Sure, from the refrigerated, plywood studios of the "CNN Center in Atlanta," 550 safe miles to the south, it is as nothing to fill air time with casual speculation about "why," last Tuesday in Aspen Hill, Maryland, John Allen Muhammad might have felt it necessary to disembowel 35-year-old bus driver Conrad Johnson with a Bushmaster XM-15 rifle. Just as it was much too easy, much too soon after September 11, 2001, for far too many otherwise intelligent Americans to start pulling their oh-so-serious-and-responsible chins over Very Important Questions about the "sources" of anti-American rage in the Islamic Middle East. But if you live within driving distance of Conrad Johnson's widow and two orphaned boys, if the yellow police tape still floats in the wind at your Washington-area neighborhood strip mall, and if, for that matter, the body of your husband or daughter has been reduced to so much microscopic Trade Center dust in Staten Island's Fresh Kills landfill--well, then you do not care, you cannot care, what "motivated" the assassin. And none of the rest of us should waste much time caring about it, either. Especially if the assassin remains at large.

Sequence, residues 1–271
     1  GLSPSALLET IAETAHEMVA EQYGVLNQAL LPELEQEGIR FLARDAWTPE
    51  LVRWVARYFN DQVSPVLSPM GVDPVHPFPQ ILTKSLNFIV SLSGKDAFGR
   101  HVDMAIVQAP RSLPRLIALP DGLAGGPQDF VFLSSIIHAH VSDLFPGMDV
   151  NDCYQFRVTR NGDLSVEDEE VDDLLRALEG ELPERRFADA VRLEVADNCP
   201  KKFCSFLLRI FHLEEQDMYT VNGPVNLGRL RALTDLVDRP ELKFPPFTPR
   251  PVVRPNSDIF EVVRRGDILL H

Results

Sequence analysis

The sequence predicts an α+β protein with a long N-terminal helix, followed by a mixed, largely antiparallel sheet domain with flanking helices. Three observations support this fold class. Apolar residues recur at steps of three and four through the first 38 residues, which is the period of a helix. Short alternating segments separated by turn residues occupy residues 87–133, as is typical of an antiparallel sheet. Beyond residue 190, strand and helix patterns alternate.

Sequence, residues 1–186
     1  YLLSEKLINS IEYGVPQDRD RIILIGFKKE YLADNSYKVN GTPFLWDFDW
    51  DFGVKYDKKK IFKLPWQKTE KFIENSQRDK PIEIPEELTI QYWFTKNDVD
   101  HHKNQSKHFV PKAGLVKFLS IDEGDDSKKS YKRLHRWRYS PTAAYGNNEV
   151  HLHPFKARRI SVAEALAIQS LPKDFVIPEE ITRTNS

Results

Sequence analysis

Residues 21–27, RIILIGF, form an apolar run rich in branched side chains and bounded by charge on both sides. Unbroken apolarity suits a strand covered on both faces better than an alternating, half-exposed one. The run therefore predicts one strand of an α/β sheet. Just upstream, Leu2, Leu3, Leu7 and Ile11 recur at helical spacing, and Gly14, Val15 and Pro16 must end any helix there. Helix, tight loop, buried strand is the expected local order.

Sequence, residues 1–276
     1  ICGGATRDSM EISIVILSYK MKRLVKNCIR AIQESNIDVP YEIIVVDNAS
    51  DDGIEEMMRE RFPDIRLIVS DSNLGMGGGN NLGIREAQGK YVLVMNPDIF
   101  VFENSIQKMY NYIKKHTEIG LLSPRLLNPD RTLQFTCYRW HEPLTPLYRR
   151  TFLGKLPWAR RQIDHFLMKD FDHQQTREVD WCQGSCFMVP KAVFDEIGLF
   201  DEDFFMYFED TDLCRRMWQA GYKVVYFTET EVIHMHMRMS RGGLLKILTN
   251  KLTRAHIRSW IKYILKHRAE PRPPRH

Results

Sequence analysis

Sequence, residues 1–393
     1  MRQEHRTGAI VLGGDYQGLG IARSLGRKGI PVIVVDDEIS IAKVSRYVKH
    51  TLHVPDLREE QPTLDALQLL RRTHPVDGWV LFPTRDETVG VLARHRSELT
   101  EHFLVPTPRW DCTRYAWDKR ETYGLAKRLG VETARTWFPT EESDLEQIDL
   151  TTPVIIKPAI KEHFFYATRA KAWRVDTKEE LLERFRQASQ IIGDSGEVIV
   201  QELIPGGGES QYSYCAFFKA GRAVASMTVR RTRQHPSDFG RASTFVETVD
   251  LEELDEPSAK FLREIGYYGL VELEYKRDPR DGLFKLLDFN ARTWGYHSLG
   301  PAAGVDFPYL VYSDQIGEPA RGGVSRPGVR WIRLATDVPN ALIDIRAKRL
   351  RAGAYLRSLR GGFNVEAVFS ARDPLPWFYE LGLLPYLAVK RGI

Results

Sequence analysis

Once more, then: Is "terrorism" the proper name for such a crime? So as to distinguish it from wholly "senseless" murders? And, too, from those more familiar and "ordinary" murders of passion and greed that have plagued the world since time began? In some essential respect, we think, the question is frivolous--grotesque, even. Because the only genuinely humane, immediate response to atrocities like the Washington sniper attacks and Mohamed Atta's airline hijackings--and the necessary formal response of an organized civil society--is collective fury. Along with a controlled but ferocious determination to incapacitate and crush the perpetrators as quickly as possible. Deep-think analysis can and must wait.